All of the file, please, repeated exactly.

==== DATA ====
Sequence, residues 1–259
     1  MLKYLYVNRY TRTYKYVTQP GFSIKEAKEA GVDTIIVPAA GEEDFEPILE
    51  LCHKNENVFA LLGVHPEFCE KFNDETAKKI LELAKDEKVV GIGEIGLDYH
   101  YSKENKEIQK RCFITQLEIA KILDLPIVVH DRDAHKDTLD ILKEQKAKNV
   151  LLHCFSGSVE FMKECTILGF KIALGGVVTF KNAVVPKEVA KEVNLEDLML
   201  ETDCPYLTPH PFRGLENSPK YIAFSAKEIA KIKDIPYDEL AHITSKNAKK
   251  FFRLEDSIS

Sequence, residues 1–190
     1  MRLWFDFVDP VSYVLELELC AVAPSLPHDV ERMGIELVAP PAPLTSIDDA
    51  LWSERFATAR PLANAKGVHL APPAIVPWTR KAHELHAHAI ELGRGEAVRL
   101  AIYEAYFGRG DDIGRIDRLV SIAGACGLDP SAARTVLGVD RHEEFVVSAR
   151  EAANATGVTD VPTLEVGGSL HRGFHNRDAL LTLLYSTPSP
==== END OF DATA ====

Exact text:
Sequence, residues 1–259
     1  MLKYLYVNRY TRTYKYVTQP GFSIKEAKEA GVDTIIVPAA GEEDFEPILE
    51  LCHKNENVFA LLGVHPEFCE KFNDETAKKI LELAKDEKVV GIGEIGLDYH
   101  YSKENKEIQK RCFITQLEIA KILDLPIVVH DRDAHKDTLD ILKEQKAKNV
   151  LLHCFSGSVE FMKECTILGF KIALGGVVTF KNAVVPKEVA KEVNLEDLML
   201  ETDCPYLTPH PFRGLENSPK YIAFSAKEIA KIKDIPYDEL AHITSKNAKK
   251  FFRLEDSIS

Sequence, residues 1–190
     1  MRLWFDFVDP VSYVLELELC AVAPSLPHDV ERMGIELVAP PAPLTSIDDA
    51  LWSERFATAR PLANAKGVHL APPAIVPWTR KAHELHAHAI ELGRGEAVRL
   101  AIYEAYFGRG DDIGRIDRLV SIAGACGLDP SAARTVLGVD RHEEFVVSAR
   151  EAANATGVTD VPTLEVGGSL HRGFHNRDAL LTLLYSTPSP